It does well to keep in mind that rates of domestic violence are alarmingly high in Taiwan, with one case taking place every five minutes. 117,550 cases of domestic violence were reported in 2016—alarmingly high for a country with a population of 23 million. One can imagine that many times more cases go unreported in Taiwan, because little is often done to address even known cases of sexual violence, domestic abuse is carried out by men across a wide swath of social demographics and class backgrounds, and a culture of silence leads to women being afraid to speak out. In 2012, the US Human Rights Report listed domestic abuse as the greatest challenge facing Taiwanese society. The Ministry of the Interior in that year also suggested that the total number of sexual assaults which take place in Taiwanese society is ten times that which is reported.
However, while it may be a positive sign that there has been such widespread social discussion of the issue, it is likely that one of the causes as to why these murder incidents would become so widely discussed in Taiwanese society is because the Taiwanese media has seized upon the grisly causes of death in these cases, as well as because the majority of these victims were women—many of them quite young.
The sexism of Taiwanese media is well known, in terms of its misogynistic representation of women, with focus on women exclusively in sexual terms. And so Taiwanese media can prove highly sensationalist in nature, not only with regards to murder, violent crime, or sexual assault against young female victims, but also when such acts are committed by women.
Either way, it must be remembered that the media is a major contributor to the patriarchal social attitudes which lead to violence against women in Taiwan. It may be a long road to uproot entrenched patriarchal social attitudes and the media may prove one of the most significant obstacle to that.
It is unsurprising that after this spate of murders, the Ministry of Justice has stated that it would “cautiously” review options for death row inmates. Although the Tsai administration has vowed a long-term goal of phasing out the death penalty and the Ministry of Justice has reiterated that use of the death penalty has been demonstrated to have no correlation with deterring violent crime, government officials from the Ministry of Justice have been accused of carrying out the death penalty to satiate public anger in the past.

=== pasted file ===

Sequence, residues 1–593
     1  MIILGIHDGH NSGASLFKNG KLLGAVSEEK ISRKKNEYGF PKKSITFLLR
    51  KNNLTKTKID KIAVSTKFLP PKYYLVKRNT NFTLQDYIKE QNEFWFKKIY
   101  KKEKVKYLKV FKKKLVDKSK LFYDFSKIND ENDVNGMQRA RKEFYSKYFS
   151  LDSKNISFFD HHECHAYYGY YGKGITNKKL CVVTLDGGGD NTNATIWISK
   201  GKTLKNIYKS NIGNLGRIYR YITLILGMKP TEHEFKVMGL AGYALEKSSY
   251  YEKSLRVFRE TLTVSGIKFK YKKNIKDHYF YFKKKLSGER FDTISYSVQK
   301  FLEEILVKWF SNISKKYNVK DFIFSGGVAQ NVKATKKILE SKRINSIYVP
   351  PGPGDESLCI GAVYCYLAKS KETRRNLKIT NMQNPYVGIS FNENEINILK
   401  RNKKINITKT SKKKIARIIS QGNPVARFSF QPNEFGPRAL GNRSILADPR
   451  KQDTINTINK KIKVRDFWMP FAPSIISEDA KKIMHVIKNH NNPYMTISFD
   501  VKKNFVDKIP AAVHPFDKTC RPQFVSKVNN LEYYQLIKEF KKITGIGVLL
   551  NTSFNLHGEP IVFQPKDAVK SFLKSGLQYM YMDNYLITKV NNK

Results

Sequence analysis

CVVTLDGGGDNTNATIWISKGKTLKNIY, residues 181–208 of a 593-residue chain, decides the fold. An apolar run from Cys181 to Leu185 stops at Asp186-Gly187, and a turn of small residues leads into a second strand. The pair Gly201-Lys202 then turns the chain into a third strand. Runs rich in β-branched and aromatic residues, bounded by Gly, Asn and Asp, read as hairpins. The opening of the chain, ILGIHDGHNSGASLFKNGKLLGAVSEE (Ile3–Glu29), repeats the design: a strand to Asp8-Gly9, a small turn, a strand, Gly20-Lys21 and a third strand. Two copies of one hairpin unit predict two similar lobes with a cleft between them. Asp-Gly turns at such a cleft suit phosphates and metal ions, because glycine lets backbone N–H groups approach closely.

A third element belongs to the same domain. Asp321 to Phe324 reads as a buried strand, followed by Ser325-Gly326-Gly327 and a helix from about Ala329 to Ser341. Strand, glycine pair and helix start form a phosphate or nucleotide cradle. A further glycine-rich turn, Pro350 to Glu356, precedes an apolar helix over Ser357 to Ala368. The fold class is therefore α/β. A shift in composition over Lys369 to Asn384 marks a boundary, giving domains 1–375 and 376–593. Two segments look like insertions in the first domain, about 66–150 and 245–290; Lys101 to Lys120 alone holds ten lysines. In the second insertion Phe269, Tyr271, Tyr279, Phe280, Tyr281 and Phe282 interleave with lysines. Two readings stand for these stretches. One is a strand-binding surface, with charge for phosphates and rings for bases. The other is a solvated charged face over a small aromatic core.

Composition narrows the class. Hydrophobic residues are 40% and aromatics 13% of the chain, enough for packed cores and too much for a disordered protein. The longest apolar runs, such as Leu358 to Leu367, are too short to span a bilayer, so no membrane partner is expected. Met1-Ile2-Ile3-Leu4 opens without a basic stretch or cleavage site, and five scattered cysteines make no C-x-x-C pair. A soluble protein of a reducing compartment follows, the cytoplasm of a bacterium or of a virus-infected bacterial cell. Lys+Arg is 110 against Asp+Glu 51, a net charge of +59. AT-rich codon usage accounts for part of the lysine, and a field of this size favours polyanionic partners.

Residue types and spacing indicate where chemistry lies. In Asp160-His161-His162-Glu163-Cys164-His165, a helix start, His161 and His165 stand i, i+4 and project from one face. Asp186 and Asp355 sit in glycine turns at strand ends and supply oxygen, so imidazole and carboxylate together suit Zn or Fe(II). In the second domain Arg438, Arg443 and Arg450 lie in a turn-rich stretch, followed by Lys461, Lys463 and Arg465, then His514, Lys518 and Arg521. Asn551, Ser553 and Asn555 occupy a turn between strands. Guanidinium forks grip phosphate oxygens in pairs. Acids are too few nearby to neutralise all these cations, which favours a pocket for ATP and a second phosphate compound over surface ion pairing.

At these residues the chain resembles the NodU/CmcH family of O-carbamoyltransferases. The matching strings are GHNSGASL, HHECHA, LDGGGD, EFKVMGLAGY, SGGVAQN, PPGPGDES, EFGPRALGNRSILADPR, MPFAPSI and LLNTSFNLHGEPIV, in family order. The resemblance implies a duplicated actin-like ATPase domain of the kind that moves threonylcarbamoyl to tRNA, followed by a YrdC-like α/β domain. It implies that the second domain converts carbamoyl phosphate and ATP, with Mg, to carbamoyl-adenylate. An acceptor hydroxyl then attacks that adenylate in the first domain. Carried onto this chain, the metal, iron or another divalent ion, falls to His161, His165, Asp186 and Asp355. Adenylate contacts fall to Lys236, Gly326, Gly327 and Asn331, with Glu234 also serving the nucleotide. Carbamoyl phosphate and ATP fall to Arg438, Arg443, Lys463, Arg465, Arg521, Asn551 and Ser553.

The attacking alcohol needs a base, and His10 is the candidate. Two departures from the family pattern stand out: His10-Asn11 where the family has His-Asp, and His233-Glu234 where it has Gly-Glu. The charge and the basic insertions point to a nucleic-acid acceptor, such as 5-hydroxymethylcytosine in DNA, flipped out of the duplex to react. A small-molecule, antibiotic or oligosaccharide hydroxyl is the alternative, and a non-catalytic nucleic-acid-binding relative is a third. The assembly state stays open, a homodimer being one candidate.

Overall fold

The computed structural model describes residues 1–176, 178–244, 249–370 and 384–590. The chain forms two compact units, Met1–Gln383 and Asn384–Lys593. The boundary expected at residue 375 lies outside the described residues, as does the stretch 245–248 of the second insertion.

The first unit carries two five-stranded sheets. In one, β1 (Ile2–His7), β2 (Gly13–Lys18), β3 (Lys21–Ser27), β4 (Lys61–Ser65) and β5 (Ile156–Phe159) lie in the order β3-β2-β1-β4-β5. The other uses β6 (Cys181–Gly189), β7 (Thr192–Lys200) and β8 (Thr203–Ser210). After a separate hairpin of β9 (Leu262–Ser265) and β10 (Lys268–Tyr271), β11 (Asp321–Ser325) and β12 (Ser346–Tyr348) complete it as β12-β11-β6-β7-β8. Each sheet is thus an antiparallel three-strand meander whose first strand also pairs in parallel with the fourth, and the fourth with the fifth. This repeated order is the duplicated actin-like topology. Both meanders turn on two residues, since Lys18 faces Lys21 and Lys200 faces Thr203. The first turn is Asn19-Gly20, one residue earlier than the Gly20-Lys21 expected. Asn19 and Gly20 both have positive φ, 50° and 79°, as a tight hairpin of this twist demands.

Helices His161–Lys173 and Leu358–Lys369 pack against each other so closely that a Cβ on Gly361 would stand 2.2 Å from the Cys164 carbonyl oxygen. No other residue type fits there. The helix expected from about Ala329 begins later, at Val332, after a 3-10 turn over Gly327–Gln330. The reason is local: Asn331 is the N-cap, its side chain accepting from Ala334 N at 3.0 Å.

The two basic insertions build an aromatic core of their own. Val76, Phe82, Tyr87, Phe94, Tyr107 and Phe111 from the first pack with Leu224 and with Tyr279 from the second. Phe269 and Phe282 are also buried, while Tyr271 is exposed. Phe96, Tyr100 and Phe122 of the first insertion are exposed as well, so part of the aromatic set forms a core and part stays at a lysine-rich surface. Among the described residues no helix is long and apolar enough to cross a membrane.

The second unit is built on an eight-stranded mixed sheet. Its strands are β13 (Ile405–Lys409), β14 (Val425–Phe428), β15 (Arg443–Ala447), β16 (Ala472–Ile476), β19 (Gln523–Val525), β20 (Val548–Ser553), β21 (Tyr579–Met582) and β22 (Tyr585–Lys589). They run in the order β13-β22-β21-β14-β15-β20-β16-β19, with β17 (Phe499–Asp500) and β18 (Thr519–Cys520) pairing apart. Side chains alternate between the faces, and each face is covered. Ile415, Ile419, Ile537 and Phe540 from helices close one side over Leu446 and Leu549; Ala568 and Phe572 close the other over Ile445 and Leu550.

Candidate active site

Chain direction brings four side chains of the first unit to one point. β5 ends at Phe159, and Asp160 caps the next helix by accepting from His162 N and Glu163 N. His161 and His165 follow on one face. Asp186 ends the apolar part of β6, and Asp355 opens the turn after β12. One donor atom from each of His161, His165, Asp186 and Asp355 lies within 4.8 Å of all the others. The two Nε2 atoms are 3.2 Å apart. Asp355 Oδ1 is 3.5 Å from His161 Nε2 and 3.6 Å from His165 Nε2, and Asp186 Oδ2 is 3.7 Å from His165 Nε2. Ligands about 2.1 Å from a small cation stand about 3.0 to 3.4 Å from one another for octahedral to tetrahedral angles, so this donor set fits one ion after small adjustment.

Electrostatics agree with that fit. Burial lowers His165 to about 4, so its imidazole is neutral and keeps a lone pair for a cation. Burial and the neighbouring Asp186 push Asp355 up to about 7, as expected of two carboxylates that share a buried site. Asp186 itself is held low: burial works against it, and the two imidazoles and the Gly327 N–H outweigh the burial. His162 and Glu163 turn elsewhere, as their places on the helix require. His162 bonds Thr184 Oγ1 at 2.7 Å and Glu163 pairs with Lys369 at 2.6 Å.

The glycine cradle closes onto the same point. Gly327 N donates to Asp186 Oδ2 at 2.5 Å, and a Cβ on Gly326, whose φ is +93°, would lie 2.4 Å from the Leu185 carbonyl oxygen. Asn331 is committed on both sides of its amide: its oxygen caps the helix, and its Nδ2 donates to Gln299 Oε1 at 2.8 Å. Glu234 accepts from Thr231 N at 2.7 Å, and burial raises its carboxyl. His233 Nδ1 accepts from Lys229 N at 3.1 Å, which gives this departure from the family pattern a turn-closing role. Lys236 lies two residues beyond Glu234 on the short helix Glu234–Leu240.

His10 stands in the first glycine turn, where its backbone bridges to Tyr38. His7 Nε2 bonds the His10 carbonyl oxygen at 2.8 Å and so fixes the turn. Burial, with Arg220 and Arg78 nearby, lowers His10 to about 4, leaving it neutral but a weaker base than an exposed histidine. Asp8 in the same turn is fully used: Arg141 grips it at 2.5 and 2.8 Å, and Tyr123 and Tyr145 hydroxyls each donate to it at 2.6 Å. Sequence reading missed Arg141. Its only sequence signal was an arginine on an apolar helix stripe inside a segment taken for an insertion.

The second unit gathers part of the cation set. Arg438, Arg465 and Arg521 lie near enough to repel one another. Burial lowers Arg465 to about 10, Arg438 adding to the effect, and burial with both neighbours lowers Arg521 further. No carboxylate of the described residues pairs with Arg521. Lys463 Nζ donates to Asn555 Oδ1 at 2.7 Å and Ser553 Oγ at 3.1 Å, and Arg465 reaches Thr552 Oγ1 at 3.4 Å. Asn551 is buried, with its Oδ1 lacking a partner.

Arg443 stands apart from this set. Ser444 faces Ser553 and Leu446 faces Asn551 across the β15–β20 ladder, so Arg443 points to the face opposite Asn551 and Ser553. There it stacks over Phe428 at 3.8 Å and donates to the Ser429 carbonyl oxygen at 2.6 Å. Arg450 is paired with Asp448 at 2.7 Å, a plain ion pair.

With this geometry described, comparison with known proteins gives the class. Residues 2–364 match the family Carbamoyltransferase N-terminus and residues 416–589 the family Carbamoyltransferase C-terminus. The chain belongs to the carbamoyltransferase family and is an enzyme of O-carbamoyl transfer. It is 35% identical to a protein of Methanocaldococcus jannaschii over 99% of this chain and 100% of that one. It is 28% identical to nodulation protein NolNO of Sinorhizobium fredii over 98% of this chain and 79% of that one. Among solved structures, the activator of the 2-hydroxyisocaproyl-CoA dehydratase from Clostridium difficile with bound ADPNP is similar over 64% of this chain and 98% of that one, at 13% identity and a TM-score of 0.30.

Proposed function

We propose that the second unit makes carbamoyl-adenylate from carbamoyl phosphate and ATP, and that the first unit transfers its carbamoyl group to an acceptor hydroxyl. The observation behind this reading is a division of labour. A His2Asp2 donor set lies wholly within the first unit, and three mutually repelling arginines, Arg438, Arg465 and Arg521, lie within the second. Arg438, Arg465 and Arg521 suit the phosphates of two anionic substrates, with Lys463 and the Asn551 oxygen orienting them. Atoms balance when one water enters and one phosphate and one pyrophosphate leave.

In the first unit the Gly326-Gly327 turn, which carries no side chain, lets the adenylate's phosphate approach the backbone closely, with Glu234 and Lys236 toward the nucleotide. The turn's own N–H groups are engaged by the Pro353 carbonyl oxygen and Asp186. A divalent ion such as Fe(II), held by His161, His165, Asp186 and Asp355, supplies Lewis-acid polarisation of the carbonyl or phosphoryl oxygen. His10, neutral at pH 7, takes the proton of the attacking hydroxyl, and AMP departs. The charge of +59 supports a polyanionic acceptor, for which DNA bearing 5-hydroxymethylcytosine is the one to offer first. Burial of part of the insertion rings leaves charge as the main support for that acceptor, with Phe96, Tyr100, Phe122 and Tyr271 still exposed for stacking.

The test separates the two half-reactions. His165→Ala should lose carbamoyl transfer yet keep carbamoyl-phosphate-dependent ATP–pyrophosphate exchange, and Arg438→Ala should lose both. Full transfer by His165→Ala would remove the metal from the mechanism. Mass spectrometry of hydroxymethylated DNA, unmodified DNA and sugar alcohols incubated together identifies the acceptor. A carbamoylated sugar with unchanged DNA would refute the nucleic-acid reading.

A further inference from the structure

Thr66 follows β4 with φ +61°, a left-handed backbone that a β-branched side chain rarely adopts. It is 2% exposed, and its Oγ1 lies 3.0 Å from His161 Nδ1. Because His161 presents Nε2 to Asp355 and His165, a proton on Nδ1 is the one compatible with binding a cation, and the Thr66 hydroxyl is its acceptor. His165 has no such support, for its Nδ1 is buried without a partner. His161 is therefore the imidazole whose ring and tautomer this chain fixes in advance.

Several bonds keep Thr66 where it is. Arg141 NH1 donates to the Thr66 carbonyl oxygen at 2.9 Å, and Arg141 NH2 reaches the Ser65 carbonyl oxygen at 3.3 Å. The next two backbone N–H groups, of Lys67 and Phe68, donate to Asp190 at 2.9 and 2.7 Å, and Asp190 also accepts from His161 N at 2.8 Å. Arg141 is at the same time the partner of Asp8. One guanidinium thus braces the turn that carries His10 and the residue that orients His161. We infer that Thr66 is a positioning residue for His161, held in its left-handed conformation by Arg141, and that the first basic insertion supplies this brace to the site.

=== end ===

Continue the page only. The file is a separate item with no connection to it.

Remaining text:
As the use of the death penalty is highly popular with the Taiwanese public, government officials have even been accused of using the death penalty as a way of attempting to prop up flagging approval ratings, as occurred near the tail end of the Ma administration in May 2016 with then-Minister of Justice Luo Ying-Shay ordering the execution of 2014 subway stabber Cheng Chieh. Cheng was 23 years old at the time of his execution and Cheng’s execution would be the shortest period of time between a crime committed and execution in the post-martial law period, at 23 months.
The media, too, has no small part in fanning up outrage against perpetrators of murders and demands for their execution. It would be too disappointing, then, if guided by the media, public discussion in Taiwan immediately turns to executing male murderers rather than addressing the root causes of violent incidents against women committed by men in patriarchy and the normalization of violence against women in Taiwanese society and more broadly.
It is to be seen if this will be the case. But now may be a time to reflect deeply on the nature of male privilege, toxic masculinity, and frequently unpunished violence committed by men in Taiwanese society. It remains to raise further awareness of that, in connection with this recent spate of murders. If there is anything that social outrage should be directed towards, it is toxic masculinity, male privilege, and the normalization of male violence in Taiwanese society.